The U.S. Food and Nutrition Service (“FNS”) administers the Supplemental Nutrition Assistance Program (“SNAP”). Formerly known as “food stamps,” this important federal nutrition benefit program serves over 45 million Americans by increasing “food purchasing power for all eligible households who apply for participation.” 7 U.S.C. §2011. FNS licenses eligible supermarkets and convenience stores to participate in SNAP as authorized retail food stores. SNAP beneficiaries can redeem their SNAP benefits, which are loaded onto a state-issued Electronic Benefits Transfer (“EBT”) card, at FNS-authorized retailers.
FNS has promulgated regulations designed to effectively and efficiently administer SNAP. Whether its regulations do so is subject to reasonable debate, but there is no dispute that FNS has been aggressive in attempting to combat SNAP fraud, especially in the context of trafficking. Trafficking is generally defined as the exchange of SNAP benefits for “cash or consideration other than eligible food.” 7 U.S.C. §2021, 7 C.F.R. §271.2 If a retail food store engages in trafficking, the penalty is permanent disqualification from SNAP. 7 C.F.R. §278.6(b)(2). The adverse impacts associated with a store’s permanent disqualification cannot be understated – the disqualification is applicable to not just the store, but also to all owners and officers. In community property states, it is even applicable to spouses of owners, even if they have no legal interest in the store. Additionally, a store may be reciprocally disqualified from WIC and other stores with the same owners and/or officers may also be subject to reciprocal disqualification from SNAP. For stores located in impoverished neighborhoods, a permanent disqualification is often fatal to the business as a majority of its customers are likely to be SNAP beneficiaries.
FNS has authorized more than 200,000 stores as SNAP retailers. Each year, FNS issues thousands of charge letters accusing stores of engaging in trafficking. Most store owners are unfamiliar with FNS’s administrative review process and attempt to respond themselves or with the assistance of an accountant or bookkeeper. Unfortunately, these efforts rarely succeed and stores find themselves in receipt of a short letter from FNS advising that they have been permanently disqualified from the food stamp program. Although FNS’s form letter does not provide stores with any insight into why they were disqualified, not all hope is lost because the Food and Nutrition Act of 2008 provides for two processes for appealing FNS’s determination that a store has engaged in trafficking: administrative and judicial review.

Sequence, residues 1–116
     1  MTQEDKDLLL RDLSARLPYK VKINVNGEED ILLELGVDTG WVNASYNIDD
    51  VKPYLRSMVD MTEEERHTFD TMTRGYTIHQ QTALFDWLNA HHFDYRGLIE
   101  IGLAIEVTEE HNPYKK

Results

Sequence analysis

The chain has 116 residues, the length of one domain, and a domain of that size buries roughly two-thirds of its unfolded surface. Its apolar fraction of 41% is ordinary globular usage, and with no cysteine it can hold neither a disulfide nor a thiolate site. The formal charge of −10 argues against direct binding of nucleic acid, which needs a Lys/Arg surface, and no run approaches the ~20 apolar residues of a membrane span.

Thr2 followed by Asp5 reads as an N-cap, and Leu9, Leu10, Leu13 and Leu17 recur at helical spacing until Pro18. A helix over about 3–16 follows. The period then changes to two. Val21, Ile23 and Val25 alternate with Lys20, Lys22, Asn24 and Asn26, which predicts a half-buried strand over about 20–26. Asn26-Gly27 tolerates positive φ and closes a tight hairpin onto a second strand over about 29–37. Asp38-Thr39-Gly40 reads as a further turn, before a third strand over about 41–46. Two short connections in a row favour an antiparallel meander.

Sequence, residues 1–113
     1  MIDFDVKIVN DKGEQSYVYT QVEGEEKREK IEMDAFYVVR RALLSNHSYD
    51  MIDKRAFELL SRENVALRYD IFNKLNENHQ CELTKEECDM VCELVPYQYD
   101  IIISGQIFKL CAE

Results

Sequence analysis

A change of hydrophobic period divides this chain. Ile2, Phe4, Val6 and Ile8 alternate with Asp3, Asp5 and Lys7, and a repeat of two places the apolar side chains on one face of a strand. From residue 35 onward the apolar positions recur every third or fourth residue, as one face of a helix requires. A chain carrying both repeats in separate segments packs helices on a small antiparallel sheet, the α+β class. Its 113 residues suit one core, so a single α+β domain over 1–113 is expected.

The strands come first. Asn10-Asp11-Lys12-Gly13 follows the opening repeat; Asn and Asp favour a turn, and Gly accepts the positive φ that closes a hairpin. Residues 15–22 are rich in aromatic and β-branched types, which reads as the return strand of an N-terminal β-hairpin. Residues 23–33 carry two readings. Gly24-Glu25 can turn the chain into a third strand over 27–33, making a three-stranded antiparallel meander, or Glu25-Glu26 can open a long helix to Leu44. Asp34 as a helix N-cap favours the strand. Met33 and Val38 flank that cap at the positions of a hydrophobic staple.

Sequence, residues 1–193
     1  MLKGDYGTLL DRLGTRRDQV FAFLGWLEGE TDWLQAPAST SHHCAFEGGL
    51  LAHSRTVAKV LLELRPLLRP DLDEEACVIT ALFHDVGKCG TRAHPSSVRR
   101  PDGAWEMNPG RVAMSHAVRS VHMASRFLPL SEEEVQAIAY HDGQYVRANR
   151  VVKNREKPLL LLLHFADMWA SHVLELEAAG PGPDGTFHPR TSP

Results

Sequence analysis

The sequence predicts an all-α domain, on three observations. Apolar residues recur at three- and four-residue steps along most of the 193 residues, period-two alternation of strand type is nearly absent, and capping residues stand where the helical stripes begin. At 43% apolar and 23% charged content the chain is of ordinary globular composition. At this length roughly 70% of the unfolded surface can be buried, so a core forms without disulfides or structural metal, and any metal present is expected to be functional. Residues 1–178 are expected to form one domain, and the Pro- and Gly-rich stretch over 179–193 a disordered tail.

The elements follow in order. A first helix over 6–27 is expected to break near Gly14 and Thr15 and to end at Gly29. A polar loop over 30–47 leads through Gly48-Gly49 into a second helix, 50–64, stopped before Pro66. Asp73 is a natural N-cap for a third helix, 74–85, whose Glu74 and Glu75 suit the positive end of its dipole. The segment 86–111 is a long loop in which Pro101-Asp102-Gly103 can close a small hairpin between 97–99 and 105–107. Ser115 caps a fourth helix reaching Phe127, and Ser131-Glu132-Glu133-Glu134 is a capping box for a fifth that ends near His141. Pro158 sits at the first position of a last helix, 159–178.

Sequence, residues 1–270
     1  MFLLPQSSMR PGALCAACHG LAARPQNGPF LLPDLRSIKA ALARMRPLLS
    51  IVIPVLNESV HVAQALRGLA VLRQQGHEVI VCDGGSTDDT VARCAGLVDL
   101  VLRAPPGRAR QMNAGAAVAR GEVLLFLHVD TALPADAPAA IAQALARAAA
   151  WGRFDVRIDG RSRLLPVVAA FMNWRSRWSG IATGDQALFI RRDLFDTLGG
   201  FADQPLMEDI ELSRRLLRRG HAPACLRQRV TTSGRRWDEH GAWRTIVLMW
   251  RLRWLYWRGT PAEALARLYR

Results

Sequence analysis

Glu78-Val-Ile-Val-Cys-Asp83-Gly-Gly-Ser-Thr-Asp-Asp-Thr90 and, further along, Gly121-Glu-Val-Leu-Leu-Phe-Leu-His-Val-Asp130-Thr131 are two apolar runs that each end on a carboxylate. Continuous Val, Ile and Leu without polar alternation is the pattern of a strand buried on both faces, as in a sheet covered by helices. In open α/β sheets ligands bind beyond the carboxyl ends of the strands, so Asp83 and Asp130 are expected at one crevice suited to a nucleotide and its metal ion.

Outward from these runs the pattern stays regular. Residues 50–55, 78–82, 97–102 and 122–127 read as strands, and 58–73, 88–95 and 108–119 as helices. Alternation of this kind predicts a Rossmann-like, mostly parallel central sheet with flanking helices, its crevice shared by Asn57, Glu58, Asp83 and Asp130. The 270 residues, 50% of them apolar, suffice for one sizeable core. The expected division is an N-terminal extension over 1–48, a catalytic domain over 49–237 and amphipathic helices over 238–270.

A recent decision by a Connecticut federal judge describes the experience of Cecilia’s Market, a small New Haven grocery store charged with trafficking. In Duchimaza v. United States, FNS accused Cecilia’s on engaging in more than three hundred fraudulent SNAP transactions. In a September 30, 2016, Order, the United States District Court for the District of Connecticut upheld FNS’s final agency decision permanently disqualifying the store and its owner from participating in SNAP. The Court noted that FNS does not need direct evidence to charge a store with trafficking; instead, it may determine a store trafficked in food stamps based on statistical analysis of a store’s EBT redemption data.
FNS frequently charges SNAP retailers with SNAP fraud, based on several categories of EBT patterns that it considers suggestive of trafficking. Most frequently, FNS charges stores with trafficking based on too many “same cents” transactions, multiple transactions made from one or more benefit accounts in “unusually short time frames,” and “excessively large purchase transactions” from participant accounts. FNS has never come up with definitions for these categories and stores often are left to guess what they mean. Needless to say, retailers often have difficulty determining how to respond to SNAP trafficking charges.